The below mentioned article provides biology notes on lower fungi.
They have comparatively a simple thallus which in some is unicellular and in others filamentous (mycelium). The septa usually remain suppressed in the actively growing vegetative mycelium.
They reproduce asexually by sporangiospores (generally motile, rarely non-motile), rarely by conidia. The early mycologists placed the lower fungi in a single class Phycomycetes which is split in this text into the following six classes on the basis of presence or absence of motile cells in the life cycle and the number, form and position of flagella on motile cells.
Motile Cells Produced:
1. Class Chytridiomycetes:
Included in this class are the lower fungi in which motile cells have a single flagellum of whiplash type inserted at the posterior end (opisthocont). The members of this class are called the chytrids.
2. Class Hyphochytridiomycetes:
The motile cells (zoospores) possess a single flagellum of tinsel type which is inserted at the anterior end.
3. Class Plasmodiophoromycetes:
The motile cells (zoospores) are biflagellate. Both the flagella are of whiplash type but one of these is longer than the other. The longer one has a sharply pointed end and the shorter one has a blunt end. The club root organisms are the examples of this class.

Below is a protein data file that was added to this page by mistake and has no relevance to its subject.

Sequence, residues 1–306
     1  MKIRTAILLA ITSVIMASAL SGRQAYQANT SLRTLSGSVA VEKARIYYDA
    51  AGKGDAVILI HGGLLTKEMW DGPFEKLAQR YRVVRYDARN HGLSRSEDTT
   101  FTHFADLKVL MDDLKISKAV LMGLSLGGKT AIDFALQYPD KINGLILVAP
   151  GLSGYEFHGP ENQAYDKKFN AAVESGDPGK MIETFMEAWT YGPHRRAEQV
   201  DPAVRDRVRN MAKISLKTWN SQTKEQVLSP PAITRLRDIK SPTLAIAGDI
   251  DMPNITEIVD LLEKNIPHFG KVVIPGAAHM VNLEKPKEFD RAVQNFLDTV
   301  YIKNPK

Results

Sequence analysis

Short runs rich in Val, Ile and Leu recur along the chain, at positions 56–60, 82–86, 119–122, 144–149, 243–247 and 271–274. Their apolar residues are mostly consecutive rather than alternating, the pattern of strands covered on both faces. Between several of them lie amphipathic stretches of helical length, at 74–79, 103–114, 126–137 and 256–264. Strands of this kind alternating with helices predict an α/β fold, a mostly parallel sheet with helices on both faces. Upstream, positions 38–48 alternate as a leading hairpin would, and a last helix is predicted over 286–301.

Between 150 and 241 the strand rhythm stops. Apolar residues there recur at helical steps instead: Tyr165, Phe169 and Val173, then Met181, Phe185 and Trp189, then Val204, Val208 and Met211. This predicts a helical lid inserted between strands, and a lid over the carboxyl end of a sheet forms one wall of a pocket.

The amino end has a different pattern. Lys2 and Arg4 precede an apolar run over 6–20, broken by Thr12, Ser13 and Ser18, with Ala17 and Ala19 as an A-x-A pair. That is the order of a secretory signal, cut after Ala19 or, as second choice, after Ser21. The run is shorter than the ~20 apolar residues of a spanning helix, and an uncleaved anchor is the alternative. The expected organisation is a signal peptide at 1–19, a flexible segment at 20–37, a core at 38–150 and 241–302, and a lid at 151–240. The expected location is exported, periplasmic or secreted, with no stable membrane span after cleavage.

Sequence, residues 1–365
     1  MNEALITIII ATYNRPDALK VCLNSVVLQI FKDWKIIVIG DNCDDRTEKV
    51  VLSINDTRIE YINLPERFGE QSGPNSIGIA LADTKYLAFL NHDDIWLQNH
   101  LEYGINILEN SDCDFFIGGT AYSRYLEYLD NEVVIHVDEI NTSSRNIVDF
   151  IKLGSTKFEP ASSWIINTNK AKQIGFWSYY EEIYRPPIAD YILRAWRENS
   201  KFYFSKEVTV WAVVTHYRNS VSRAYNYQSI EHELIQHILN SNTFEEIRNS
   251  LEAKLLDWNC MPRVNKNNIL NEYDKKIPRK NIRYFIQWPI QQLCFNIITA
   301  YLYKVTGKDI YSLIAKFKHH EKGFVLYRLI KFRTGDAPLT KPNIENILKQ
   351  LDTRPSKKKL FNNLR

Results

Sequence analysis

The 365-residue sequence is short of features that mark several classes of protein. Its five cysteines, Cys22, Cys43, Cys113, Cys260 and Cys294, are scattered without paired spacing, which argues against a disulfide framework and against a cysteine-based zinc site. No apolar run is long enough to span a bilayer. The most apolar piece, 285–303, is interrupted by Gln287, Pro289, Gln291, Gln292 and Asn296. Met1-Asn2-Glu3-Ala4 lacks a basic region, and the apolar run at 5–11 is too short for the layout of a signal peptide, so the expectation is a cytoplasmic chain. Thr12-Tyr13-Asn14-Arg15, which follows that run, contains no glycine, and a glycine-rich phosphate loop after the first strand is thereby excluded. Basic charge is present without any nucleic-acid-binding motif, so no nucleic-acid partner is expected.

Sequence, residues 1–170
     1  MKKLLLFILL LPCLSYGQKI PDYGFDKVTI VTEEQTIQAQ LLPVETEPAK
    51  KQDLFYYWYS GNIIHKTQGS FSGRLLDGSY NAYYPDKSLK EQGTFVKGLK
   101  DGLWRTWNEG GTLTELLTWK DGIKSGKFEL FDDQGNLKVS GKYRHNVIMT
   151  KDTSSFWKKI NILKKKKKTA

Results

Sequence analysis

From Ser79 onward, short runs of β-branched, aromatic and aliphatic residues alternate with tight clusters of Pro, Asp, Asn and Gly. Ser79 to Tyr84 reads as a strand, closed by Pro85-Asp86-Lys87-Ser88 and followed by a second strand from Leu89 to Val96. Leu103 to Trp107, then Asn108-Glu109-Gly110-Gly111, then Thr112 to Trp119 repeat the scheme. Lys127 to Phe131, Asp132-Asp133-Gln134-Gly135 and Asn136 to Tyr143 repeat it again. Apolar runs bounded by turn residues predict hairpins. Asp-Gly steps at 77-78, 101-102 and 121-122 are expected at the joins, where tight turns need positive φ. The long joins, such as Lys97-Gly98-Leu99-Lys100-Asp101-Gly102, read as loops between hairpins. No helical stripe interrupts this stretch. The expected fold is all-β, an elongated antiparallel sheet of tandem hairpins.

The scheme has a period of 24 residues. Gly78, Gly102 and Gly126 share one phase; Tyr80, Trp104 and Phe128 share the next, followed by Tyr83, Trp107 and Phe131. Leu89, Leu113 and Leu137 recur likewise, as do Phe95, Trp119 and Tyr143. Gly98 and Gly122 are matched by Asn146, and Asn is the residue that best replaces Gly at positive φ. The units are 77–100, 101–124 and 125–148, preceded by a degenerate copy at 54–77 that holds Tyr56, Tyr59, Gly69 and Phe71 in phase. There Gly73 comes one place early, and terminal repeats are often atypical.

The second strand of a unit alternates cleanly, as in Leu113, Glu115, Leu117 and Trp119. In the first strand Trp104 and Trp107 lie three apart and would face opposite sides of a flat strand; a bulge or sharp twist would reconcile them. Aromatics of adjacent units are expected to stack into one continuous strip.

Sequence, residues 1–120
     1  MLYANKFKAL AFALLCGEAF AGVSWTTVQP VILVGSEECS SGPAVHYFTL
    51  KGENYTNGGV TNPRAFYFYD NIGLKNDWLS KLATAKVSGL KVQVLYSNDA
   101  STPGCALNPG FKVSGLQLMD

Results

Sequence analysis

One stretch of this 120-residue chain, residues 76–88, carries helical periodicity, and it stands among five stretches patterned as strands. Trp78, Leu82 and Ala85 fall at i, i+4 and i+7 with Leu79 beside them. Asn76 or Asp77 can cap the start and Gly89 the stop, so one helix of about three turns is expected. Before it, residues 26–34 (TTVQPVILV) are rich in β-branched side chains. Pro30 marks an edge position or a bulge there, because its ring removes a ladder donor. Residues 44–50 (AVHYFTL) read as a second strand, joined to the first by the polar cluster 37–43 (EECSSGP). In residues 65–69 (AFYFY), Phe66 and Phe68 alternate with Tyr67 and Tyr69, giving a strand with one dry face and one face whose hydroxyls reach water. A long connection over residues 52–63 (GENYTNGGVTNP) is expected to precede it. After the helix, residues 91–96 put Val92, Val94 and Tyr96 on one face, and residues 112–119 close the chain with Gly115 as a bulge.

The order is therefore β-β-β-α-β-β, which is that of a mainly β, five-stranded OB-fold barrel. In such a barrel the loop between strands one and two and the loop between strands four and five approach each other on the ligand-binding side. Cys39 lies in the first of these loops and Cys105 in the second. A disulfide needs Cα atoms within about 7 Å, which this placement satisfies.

4. Class Oomycetes:
The motile cells are biflagellate. The two flagella are usually of nearly equal length. One of these points forwards and the other trails behind. The former is of tinsel type and latter of whiplash type. The common representatives of this class are the water molds, downy mildews and blights.
Motile Cells Lacking:
5. Class Zygomycetes:
Motile cells are absent. Asexual reproduction takes place by sporangiospores which are encapsulated and wind disseminated. The common examples are the pin molds and the bread molds.
6. Class Trichomycetes:
The motile cells are lacking. The asexual spores are produced exogenously at the tips of special hyphae (conidiophores) and are called the conidia.